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RESEARCH PAPERS

Determination of Strain Gradient Plasticity Length Scale for Microelectronics Solder Alloys

[+] Author and Article Information
Juan Gomez

 Universidad EAFIT, Medellin, Colombia

Cemal Basaran

Electronic Packaging Laboratory, University at Buffalo, State University of New York, 212 Ketter Hall, Buffalo, NY 14260cjb@buffalo.edu

J. Electron. Packag 129(2), 120-128 (Oct 04, 2006) (9 pages) doi:10.1115/1.2721082 History: Received June 16, 2005; Revised October 04, 2006

Strain gradient plasticity theories that have emerged during recent years to provide an explanation for size dependent behavior exhibited by some materials have also created a need for additional material parameters. In this study on PbSn solder alloys’ material length scale, which is needed for use in strain gradient plasticity type constitutive models, is determined. The value of length scale is in agreement with values available in literature for different materials like copper, nickel, and aluminum.

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Copyright © 2007 by American Society of Mechanical Engineers
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Figures

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Figure 1

Scanning electron microscope picture showing the location of 100–200nm depth nanoindentation batch to determine reliability of the results and the end polished surface of the specimen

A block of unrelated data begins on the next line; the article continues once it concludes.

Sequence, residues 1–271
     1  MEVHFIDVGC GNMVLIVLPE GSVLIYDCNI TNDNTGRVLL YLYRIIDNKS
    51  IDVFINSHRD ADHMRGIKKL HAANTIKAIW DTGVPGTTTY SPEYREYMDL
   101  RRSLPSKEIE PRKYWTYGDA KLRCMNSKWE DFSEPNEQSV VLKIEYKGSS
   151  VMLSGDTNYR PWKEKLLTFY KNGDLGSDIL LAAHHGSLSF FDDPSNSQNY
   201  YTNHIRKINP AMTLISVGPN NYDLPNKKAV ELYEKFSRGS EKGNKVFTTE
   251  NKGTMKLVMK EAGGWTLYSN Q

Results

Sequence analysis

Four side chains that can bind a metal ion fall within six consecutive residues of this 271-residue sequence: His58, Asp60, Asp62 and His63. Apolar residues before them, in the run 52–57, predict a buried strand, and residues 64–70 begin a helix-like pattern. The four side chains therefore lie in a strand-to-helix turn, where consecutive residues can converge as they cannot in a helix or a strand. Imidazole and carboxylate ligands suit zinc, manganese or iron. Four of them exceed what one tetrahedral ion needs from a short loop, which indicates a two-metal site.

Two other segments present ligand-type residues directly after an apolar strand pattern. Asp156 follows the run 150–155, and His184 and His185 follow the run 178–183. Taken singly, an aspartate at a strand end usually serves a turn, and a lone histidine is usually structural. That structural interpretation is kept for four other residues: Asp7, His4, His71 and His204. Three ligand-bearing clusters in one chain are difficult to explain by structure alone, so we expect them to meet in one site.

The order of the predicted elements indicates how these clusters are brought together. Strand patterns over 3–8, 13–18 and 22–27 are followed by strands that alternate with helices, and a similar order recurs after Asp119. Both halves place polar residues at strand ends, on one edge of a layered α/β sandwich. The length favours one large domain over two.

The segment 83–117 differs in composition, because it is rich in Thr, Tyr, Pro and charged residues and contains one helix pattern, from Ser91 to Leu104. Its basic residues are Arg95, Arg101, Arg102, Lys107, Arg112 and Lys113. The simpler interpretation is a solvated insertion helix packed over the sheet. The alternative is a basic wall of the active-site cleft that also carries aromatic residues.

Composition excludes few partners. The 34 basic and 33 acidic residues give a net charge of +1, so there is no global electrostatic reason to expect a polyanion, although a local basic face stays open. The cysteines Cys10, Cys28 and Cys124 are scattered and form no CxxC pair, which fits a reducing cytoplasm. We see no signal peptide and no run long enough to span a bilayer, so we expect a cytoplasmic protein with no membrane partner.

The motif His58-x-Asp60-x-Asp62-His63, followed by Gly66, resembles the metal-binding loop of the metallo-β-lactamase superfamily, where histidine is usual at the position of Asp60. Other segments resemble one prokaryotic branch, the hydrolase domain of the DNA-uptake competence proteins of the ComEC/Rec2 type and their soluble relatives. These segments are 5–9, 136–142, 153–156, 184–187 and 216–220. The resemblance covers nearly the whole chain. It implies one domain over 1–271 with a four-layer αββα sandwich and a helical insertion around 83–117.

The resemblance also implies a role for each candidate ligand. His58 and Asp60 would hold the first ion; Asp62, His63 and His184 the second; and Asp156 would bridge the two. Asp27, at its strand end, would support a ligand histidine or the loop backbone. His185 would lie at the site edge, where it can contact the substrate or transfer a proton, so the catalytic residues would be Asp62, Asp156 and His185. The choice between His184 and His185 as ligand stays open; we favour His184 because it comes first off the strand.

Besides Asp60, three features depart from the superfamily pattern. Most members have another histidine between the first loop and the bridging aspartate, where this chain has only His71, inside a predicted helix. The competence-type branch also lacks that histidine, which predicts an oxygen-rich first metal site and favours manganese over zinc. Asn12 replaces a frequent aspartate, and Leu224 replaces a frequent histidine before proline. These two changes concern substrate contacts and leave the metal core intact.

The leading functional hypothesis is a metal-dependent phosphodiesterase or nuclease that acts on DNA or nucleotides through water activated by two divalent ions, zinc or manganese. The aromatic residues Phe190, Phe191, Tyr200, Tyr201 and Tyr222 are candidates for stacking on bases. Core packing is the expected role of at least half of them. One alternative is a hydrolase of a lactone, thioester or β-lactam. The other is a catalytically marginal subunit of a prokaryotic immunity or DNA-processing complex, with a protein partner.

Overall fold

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Figure 2

Nanoindentation at 200nm depth to determine reliability of results

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Figure 3

Hardness versus depth of indentation and normalized hardness square versus inverse of indentation depth for Specimen 1-Solder 1 batch test Number 2. The data below 300nm have been neglected due to uncertainties in the contact surface.

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Figure 4

Hardness versus depth of indentation and normalized hardness square versus inverse of indentation depth for Specimen 1-Solder 3 batch test Number 2. The data below 300nm have been neglected due to uncertainties in the contact surface.

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Figure 5

Hardness versus depth of indentation and normalized hardness square versus inverse of indentation depth for Specimen 1-Solder 7 batch test Number 1. The data below 300nm have been neglected due to uncertainties in the contact surface.

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Figure 6

Hardness versus depth of indentation and normalized hardness square versus inverse of indentation depth for Specimen 1-Solder 1 batch test Number 1. The data below 300nm have been neglected due to uncertainties in the contact surface.

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Figure 7

Hardness versus depth of indentation and normalized hardness square versus inverse of indentation depth for Specimen 1-Solder 4 batch test Number 1. The data below 300nm have been neglected due to uncertainties in the contact surface.

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